growth

Are you upsetting your best customers?

Engel Schmidl /

Have you ever been tempted to lower your prices to win new customers? Go on, be honest, you have haven’t you?

And why not? It’s a popular tactic.

Here’s how it’s, um, meant to work. Customers sign up with your business because of the low price. They fall in love with your product/service. You pop the price up after the honeymoon period. And they carry on buying from you because you have proved how fabulous your product/service is.

Right?

Wrong.

The first problem is that the very people who sign up to you on the basis of low price are completely disloyal. They’ll be off to the next business to drop its prices before you can say boo.

The next problem is that your new customers won’t suck up a price increase. You’ve anchored them into a price point and that’s right where they’ll want to stay.

So what’s the third problem?

Well, while you run the risk of losing the new customers before you’ve made any money, it’s the least of your worries. Because problem three is that you’re upsetting your existing customers.

Oh yes. Wait until your loyal customers find out there’s a deal on.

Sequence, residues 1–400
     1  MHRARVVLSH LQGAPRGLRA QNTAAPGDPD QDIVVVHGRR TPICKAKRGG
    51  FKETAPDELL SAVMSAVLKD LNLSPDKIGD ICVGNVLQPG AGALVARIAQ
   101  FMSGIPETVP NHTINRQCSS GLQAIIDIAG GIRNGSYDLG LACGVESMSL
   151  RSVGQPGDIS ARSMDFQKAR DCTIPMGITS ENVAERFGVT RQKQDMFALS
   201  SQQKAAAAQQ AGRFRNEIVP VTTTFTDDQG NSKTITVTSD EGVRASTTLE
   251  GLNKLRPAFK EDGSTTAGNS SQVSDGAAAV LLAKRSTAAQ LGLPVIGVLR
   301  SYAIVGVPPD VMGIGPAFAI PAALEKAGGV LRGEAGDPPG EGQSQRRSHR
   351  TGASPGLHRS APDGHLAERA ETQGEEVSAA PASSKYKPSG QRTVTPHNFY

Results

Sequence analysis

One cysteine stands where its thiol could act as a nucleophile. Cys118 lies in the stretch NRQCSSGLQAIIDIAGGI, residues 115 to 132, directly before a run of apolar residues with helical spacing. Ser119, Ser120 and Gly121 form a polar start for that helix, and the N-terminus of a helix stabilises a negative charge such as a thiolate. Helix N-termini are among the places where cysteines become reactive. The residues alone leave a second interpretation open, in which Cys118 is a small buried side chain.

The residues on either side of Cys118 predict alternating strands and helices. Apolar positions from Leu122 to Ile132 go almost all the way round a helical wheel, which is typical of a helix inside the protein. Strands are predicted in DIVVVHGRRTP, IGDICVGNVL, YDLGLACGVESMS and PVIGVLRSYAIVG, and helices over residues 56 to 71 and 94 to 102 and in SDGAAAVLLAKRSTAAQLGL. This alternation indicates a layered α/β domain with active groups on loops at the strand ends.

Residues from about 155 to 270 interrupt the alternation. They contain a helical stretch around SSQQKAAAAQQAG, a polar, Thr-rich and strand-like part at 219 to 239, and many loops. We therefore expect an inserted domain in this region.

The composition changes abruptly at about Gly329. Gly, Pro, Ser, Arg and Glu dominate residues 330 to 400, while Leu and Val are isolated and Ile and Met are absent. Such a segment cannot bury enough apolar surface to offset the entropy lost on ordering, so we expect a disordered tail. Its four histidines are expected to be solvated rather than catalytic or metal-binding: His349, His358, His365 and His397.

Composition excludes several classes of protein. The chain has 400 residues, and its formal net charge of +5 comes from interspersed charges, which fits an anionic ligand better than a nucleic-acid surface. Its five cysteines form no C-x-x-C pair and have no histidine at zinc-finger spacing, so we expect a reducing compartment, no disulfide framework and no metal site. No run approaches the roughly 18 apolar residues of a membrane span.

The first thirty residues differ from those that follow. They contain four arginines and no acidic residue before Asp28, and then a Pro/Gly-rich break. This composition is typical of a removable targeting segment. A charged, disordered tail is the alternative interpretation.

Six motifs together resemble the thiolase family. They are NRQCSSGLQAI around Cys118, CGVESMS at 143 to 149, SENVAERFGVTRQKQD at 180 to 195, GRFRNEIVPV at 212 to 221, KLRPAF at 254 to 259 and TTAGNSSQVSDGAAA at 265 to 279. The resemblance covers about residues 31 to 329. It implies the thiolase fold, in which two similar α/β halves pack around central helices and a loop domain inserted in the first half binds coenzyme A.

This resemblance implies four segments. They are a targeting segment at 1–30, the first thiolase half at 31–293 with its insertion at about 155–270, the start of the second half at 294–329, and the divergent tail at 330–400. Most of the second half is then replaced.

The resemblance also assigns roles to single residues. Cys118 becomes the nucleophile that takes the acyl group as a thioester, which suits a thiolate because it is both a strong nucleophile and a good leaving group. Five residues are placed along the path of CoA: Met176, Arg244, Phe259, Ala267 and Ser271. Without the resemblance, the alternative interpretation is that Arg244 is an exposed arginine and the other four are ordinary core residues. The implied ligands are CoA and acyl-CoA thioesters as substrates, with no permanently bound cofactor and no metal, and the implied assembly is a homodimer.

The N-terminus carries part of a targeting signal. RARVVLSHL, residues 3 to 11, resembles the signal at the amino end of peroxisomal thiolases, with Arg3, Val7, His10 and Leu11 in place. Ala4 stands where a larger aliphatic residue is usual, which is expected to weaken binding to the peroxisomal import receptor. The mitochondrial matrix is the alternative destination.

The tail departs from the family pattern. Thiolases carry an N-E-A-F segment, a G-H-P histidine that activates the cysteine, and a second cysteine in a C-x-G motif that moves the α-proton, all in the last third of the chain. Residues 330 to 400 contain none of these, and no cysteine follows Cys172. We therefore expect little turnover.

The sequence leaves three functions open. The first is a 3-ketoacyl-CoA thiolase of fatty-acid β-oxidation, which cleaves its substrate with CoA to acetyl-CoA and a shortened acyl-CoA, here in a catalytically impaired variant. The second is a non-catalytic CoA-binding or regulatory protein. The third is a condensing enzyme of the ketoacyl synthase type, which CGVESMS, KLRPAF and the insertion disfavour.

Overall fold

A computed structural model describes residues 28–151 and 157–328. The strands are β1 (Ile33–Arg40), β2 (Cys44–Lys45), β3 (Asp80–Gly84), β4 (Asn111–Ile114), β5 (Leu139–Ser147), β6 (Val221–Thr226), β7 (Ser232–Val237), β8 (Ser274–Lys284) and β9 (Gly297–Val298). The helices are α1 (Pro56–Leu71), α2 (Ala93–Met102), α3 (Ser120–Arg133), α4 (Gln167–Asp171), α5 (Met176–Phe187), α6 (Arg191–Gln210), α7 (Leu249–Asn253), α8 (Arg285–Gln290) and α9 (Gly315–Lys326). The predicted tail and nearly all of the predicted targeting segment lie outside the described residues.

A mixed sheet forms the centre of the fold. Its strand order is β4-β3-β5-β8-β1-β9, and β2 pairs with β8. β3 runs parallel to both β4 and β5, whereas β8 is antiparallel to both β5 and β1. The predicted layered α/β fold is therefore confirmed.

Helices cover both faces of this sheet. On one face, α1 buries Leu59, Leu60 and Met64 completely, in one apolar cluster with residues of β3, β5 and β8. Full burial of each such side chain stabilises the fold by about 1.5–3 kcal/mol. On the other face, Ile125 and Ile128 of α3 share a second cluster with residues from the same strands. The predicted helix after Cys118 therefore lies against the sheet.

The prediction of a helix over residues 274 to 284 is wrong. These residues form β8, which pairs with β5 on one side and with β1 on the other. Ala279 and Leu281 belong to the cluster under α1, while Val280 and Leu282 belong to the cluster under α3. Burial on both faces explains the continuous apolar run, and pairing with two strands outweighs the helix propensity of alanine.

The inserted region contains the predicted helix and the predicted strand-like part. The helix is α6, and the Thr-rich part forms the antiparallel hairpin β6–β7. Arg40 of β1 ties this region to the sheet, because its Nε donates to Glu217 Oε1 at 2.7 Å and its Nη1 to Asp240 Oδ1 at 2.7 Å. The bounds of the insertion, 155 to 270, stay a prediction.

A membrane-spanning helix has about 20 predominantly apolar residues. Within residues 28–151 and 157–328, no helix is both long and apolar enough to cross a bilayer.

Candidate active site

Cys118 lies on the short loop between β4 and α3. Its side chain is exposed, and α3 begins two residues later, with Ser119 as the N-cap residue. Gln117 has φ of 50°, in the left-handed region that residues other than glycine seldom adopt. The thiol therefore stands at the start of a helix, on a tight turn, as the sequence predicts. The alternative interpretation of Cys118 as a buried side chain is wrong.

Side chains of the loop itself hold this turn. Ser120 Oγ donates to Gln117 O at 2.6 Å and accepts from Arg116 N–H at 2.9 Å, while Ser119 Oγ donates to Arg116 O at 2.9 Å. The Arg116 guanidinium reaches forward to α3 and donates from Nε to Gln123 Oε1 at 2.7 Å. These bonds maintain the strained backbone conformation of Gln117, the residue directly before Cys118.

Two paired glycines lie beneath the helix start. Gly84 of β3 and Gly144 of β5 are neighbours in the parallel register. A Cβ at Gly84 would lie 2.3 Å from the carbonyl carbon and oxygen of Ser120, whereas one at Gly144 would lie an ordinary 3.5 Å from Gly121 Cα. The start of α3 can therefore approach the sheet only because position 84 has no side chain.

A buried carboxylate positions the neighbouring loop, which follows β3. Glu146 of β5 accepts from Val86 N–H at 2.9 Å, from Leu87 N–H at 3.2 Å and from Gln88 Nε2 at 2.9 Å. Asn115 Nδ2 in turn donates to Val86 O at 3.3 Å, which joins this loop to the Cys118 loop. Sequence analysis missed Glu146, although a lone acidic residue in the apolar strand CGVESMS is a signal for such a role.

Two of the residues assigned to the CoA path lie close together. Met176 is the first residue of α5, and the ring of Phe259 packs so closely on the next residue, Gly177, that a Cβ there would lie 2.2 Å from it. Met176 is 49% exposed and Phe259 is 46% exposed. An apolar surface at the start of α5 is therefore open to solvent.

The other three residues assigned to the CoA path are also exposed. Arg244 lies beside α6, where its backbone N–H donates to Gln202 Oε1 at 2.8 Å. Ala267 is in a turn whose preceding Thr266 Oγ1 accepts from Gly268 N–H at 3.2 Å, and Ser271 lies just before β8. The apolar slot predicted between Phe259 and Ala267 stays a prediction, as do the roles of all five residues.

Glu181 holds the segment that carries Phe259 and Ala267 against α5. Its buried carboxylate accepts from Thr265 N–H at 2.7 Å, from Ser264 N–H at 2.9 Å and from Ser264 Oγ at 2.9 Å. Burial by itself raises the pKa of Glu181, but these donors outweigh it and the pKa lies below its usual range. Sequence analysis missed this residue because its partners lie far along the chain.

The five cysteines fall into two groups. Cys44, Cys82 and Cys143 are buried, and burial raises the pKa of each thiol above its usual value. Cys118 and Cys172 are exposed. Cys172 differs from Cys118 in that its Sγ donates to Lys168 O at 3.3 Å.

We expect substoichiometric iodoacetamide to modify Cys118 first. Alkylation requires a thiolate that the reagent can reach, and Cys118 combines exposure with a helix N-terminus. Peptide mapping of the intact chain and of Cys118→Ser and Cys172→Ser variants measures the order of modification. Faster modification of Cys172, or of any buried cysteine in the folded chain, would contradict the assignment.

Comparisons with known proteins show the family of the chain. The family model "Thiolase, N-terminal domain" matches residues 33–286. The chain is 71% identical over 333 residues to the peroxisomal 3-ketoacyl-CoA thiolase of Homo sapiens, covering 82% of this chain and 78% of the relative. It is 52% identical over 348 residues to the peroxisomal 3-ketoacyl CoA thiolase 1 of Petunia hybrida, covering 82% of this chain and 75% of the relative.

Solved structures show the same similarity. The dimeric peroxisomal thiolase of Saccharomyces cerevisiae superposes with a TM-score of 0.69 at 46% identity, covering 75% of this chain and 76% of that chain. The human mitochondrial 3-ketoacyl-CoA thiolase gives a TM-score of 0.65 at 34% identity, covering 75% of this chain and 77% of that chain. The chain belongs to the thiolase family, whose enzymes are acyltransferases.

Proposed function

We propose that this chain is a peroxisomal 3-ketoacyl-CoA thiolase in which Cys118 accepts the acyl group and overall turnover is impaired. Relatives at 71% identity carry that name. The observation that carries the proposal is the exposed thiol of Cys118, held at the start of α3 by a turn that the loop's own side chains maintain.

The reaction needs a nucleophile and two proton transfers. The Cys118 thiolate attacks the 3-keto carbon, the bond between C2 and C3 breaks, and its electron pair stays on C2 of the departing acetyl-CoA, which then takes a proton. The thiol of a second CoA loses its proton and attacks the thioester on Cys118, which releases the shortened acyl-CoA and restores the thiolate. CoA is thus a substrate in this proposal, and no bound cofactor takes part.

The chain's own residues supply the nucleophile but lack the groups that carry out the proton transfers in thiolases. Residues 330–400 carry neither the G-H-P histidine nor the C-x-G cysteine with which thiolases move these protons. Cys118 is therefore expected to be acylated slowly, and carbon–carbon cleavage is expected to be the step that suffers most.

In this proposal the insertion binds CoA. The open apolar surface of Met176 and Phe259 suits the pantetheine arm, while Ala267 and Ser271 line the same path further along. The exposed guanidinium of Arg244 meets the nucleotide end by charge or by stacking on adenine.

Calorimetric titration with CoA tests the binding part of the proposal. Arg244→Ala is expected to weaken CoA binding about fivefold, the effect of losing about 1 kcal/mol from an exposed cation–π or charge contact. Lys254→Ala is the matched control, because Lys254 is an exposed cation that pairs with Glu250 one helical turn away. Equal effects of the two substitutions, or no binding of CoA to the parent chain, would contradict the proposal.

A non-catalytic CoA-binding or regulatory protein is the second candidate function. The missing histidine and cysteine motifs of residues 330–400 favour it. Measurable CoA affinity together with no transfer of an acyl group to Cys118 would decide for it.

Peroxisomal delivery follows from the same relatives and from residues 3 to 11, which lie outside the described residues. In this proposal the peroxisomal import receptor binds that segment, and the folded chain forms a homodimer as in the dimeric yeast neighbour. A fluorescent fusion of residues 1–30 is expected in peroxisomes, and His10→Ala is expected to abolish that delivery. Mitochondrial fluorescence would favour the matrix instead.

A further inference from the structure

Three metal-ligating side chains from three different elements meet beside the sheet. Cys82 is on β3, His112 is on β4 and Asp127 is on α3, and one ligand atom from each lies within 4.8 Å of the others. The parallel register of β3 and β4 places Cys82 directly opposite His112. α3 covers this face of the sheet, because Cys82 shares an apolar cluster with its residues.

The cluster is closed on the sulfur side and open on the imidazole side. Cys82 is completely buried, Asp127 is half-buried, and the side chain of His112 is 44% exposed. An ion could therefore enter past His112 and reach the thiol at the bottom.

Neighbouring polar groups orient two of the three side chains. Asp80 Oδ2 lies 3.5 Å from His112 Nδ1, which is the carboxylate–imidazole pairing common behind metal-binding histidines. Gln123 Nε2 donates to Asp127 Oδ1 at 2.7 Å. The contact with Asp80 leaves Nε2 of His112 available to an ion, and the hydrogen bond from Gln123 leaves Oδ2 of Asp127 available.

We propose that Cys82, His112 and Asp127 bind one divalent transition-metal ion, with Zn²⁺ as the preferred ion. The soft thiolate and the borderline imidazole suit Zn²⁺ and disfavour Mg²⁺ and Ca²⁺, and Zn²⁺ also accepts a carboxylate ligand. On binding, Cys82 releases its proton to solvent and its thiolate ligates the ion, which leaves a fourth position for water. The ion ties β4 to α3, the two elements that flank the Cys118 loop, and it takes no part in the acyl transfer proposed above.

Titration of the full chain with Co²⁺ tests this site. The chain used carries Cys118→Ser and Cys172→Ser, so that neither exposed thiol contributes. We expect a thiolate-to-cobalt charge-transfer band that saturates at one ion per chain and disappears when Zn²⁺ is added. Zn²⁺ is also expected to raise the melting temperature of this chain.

At the very least they’ll be irritated that they are paying more for their stuff than the new folk.

But worse, they are likely to think that they are overpaying. They figure that if you can afford to offer the product/service at a discount then they are paying too much.

And no one wants to feel like they’re being ripped off, do they?

Oh no.

So if you’re lucky your existing customers will tell you they feel aggrieved and you will get a chance to sweeten them up with a discount.

But if you’re not so lucky your wonderfully loyal customers will go and look for someone else who will appreciate them more.

So what’s the alternative?

If you want to do something to woo new customers, pick an offer that’s irrelevant to existing customers. Don’t make it price related, but rather make it a gift of something extra, like free delivery, installation or training. Something that is genuinely useful to the new customer but completely immaterial to the existing one.

Julia Bickerstaff’s expertise is in helping businesses grow profitably. She runs two businesses: Butterfly Coaching, a small advisory firm with a unique approach to assisting SMEs with profitable growth; and The Business Bakery, which helps kitchen table tycoons build their best businesses. Julia is the author of “How to Bake a Business”  and was previously a partner at Deloitte. She is a chartered accountant and has a degree in economics from The London School of Economics (London University).

 

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